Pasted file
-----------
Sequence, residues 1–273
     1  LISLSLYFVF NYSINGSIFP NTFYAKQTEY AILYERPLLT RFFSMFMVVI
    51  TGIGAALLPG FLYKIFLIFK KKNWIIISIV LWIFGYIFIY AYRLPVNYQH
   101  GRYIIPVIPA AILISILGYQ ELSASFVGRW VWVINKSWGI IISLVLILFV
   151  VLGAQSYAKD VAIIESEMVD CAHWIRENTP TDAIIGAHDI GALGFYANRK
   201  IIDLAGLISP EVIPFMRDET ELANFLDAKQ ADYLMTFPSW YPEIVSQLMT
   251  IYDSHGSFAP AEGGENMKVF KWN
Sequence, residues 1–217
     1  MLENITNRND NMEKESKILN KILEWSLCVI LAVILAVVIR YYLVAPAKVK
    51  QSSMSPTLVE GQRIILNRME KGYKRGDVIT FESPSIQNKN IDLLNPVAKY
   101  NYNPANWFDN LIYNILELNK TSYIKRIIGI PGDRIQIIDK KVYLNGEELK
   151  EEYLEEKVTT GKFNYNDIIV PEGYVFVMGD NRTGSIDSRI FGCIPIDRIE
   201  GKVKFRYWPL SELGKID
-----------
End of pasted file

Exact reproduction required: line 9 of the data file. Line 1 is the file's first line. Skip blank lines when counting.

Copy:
     1  MLENITNRND NMEKESKILN KILEWSLCVI LAVILAVVIR YYLVAPAKVK